Have you heard that there are two different ways to decrease in single crochet? There are! You can choose to use the traditional single crochet decrease (sc2tog) or the invisible decrease. So, with these two options, how do you know which decrease to use?
How to Decrease
First, make sure you familiarize yourself with both decrease methods. Both techniques reduce two single crochet stitches into one, lessening the number of total stitches in the round or row you’re working.
The traditional single crochet decrease involves inserting your hook into two consecutive stitches while working the stitch. You can learn more details about this decrease here. The invisible decrease is similar, but is worked into the front loops only, which gives a less bulky result with fewer gaps. Learn how to perform the invisible decrease here.
Deciding When to Sc2tog or Invisible Decrease
So, which decrease should you be using? Well, that depends entirely on the project you’re crocheting! The traditional single crochet decrease (sc2tog) is best when working in rows, especially if the finished object will be seen from both sides. Blankets, scarves, and some garments would fall into this category. In addition, anytime rows require you to work into the back loop only (BLO) or the front loop only (FLO), a sc2tog stitch is perfect.
In contrast, the invisible decrease is perfect for making amigurumi (and if you love amigurumi patterns, I’ve got some free ones here)! Amigurumi looks smoother and neater when made with invisible decreases because there are fewer gaps for stuffing to poke through. The whole result is much cleaner. Other patterns that will only be seen from the outside, and where you’re working in the round, like baskets or hats, are also great projects for trying the invisible decrease.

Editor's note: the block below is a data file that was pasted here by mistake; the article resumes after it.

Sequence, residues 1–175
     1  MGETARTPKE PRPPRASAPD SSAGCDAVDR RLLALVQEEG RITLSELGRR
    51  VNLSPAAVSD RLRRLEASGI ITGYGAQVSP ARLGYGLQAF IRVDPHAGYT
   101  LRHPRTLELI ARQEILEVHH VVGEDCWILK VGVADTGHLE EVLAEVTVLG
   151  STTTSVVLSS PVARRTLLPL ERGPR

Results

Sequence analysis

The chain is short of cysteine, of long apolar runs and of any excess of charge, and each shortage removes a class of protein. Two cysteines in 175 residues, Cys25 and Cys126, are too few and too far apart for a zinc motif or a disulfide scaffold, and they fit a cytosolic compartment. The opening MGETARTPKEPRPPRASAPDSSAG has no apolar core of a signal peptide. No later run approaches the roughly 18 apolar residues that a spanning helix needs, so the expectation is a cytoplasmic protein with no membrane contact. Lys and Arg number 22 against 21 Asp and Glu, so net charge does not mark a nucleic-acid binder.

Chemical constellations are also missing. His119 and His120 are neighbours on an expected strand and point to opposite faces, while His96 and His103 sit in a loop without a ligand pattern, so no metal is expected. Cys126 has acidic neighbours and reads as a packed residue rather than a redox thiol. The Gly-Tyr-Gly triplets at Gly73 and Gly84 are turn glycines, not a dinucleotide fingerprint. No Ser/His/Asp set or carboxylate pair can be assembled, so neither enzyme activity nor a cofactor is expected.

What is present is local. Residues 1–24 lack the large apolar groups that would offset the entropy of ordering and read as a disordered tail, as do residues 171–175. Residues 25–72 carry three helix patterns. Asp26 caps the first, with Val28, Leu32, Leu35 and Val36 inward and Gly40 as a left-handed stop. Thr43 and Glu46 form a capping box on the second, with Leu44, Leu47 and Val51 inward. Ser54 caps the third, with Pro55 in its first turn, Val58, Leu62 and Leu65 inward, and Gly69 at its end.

See the Difference
Let’s look at the difference the invisible decrease can make when used in a stuffed piece. I’ve crocheted two simple spheres, much like some shapes you’d see in amigurumi. The sphere on the left was worked with traditional single crochet decreases. The sphere on the right was worked with invisible decreases.
You can see that the tops of both spheres look the same, but the bottoms do not! The one on the left (made with sc2tog) has more gaps and a bulkier look. The sphere on the right (made with invdec) has a cleaner, smoother look.
As another example, take a look at this video by Meghan Makes Do where she shows the difference as well. So, the next time you’re crocheting something like amigurumi, give the invisible decrease a try! I think you’ll love the result.
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